4 Discussion and outlook
To the best of our knowledge, we reported the first direct observation of a longitudinally evolving Pancharatnam–Berry phase under freespace propagation. We examined a new class of polarization metaoptics which implements a superposition of Bessel beams with different cone angles, each weighted by a different Jones matrix, allowing the spin angular momentum (polarization state) of the ensemble to be tailored atwill along the optical path. These polarization transformations are accompanied by a propagationdependent geometric phase factor which, unlike the monotonically accumulated propagation phase, can be designed on demand along the direction of propagation. For e.g., in Figure 5(e) we presented a scenario in which the phase gradient (with respect to z) can be negative over one space region and positive over another.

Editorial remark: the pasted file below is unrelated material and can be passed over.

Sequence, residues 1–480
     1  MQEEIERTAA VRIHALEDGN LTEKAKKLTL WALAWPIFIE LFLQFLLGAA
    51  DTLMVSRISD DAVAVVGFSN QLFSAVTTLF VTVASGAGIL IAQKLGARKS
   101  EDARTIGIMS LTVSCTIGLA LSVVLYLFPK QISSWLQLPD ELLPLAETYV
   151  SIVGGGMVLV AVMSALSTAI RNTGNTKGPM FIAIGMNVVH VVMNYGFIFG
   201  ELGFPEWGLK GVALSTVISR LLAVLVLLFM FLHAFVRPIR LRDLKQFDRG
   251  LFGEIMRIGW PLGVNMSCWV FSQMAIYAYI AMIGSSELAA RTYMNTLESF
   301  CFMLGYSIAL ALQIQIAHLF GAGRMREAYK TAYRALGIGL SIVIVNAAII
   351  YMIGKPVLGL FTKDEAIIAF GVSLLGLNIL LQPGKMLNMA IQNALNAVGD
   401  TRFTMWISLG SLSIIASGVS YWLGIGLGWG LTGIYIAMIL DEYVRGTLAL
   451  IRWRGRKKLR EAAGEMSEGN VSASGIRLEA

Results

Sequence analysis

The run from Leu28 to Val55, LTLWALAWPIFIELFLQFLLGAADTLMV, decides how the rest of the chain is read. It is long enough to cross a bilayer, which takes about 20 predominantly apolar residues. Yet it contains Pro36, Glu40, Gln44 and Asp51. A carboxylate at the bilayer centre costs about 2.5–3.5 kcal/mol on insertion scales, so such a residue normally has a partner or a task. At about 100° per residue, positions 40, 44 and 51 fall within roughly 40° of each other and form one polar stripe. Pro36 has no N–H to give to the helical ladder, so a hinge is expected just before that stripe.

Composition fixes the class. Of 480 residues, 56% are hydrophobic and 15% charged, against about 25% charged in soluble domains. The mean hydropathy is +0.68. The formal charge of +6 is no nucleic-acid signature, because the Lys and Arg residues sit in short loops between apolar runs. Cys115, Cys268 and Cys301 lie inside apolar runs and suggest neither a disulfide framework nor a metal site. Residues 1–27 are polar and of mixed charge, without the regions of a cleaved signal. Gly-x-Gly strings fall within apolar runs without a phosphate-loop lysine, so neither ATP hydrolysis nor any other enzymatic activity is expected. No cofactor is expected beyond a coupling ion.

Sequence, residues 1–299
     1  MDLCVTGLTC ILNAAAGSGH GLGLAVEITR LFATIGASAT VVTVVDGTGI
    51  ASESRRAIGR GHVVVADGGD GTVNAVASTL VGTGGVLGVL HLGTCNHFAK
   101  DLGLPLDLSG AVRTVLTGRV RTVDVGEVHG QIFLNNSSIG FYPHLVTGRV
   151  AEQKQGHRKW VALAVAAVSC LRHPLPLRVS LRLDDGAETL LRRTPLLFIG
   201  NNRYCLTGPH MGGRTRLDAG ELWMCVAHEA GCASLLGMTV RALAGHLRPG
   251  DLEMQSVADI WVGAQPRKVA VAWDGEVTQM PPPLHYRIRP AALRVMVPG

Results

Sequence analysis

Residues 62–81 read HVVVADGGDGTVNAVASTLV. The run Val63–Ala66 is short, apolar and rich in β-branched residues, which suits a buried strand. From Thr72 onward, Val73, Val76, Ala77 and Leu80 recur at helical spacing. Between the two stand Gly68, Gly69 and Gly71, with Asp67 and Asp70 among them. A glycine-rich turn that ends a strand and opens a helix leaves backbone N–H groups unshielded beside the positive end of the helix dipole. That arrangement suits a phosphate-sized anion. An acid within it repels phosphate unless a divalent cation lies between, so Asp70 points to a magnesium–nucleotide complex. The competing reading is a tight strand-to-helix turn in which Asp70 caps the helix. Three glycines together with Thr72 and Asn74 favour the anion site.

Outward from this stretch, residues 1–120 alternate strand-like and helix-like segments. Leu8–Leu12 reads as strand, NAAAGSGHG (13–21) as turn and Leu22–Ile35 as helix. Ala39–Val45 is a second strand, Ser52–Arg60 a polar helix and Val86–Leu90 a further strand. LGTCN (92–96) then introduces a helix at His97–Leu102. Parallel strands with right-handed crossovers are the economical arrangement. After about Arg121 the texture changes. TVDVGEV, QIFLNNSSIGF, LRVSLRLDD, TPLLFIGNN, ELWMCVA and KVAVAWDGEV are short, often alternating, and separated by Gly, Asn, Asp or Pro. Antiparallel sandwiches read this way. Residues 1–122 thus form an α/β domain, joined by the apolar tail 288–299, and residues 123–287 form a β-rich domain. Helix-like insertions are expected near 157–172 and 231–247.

Here, we paid particular attention to Pancharatnam–Berry phase accompanying the polarization transformation of Bessel beams. This has been done by designing the response of our metasurface to mimic an HWP whose fast axis rotates by an angle of θ along the optical path, giving rise to a phase factor of −2σθ. Besides the HWP profile, our approach can realize other polarization responses and trajectories on the Poincaré sphere. To demonstrate this, we considered another device that mimics the function of a longitudinally variable quarterwave plate thus modifying the chirality—i.e., the spin angular momentum—of incident light along the optical path. More details on this device can be found in Supplementary Figure 2. More generally, one can, in principle, implement a metasurface that performs a propagationdependent rotation of the entire spatial coordinate system (not only the polarization state) by designing the longitudinal response F ^{ ℓ } to mimic the 2by2 rotation matrix R(θ(z)). In this case, the accumulated Berry phase becomes a function of the total angular momentum and is given by −(σ + ℓ)θ, as predicted by Bliokh for the 2D case [38]. A metasurface profile of this nature, composed of an asymmetric 2by2 matrix, however, cannot be implemented using the single layer metasurface deployed in this work as it requires elliptical form birefringence for the metasurface unit cells. This requirement can be achieved by using cascaded or bilayer metasurfaces. We reserve the demonstration of these higher order Berry phases [39, 40] and their analysis to other future work.